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What Hospitals Need to Know: Using Water During Processing of Medical Devices
Infection Prevention

What Hospitals Need to Know: Using Water During Processing of Medical Devices

Every day, hospitals’ central sterile processing teams rely on water as they clean and sterilize a variety of medical devices. In this blog, ECRI outlines general considerations to support safe and effective water preparation and use.

Water Quality Categories

There are three categories of water used to process medical devices. The first is utility water.  Utility water is suitable for use for point-of-use treatment of a device immediately after patient use, but is not drinking water quality.  Utility water is suitable for use for point-of-use treatment of a device immediately after patient use. The temperature of water used for this purpose should not exceed 45C/113F to prevent coagulation of blood and fixation of proteins on the instrument. This water is used for most parts of medical device processing—including flushing, washing, and intermediate rinsing. The notable exception is the final rinse.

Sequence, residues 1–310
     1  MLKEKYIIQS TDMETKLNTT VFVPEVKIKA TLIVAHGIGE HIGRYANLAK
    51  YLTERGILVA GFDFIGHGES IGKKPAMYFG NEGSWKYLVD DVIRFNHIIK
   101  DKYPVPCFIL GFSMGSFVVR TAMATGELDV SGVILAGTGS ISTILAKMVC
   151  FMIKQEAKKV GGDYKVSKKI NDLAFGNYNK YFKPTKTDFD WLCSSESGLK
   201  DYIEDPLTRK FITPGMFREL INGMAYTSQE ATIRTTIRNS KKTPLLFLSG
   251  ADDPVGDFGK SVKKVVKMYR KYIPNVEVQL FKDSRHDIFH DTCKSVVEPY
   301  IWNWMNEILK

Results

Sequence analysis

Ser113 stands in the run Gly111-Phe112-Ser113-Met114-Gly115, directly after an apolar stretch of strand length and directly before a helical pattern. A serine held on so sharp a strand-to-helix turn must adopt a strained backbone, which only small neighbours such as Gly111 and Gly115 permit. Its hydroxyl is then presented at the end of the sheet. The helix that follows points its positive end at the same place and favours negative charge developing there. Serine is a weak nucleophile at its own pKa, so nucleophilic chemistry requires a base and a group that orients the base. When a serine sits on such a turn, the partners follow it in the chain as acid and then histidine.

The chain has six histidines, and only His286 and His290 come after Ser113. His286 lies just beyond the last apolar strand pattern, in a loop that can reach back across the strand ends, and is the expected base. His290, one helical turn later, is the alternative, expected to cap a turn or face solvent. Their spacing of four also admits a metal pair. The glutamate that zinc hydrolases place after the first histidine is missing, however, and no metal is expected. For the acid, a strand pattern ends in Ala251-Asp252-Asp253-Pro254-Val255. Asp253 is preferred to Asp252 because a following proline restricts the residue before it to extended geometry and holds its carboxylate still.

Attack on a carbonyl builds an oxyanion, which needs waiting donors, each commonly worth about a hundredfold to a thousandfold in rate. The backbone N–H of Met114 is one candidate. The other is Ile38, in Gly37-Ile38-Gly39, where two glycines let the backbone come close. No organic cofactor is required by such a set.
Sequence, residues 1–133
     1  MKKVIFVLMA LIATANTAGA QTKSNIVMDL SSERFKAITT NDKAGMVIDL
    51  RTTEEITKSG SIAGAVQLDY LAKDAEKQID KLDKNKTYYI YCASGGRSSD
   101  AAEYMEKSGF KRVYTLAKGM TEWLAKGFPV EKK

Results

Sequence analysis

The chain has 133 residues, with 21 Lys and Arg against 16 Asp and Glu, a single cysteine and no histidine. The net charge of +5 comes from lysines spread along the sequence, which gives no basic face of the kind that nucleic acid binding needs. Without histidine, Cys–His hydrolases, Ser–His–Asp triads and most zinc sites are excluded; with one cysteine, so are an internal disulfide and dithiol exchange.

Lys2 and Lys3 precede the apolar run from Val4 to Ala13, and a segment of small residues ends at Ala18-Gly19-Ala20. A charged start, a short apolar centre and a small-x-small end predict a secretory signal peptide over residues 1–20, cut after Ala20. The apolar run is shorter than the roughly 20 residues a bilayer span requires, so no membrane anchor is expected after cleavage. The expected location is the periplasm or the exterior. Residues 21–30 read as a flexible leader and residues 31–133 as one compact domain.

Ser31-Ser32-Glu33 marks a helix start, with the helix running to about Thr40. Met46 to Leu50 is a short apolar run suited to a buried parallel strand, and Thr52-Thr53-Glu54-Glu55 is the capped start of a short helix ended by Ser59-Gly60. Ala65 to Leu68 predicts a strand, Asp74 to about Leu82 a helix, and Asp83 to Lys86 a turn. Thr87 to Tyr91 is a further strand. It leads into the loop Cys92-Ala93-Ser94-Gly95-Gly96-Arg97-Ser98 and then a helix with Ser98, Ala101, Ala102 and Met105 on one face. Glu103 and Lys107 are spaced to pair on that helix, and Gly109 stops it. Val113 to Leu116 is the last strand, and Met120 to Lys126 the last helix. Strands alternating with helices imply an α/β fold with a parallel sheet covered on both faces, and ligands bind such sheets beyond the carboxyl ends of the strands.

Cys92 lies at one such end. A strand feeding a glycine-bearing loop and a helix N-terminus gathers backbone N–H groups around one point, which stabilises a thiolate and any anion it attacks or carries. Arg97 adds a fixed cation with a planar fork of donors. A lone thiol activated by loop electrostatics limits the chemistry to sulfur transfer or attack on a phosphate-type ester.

The second category is critical water, which undergoes an extensive, multistep process to adhere to stringent water quality measurement values. For example, critical water must have a pH of 5.0 to 7.5 at a temperature of 25 degrees Celsius; total alkalinity of less than 8 mg calcium carbonate (CaCO3) per liter; and bacteria of less than 10 colony-forming units per milliliter (CFU/mL). Critical water is used for final rinse after high-level disinfection (HLD), final rinse for critical devices prior to sterilization, and feedwater for process team production.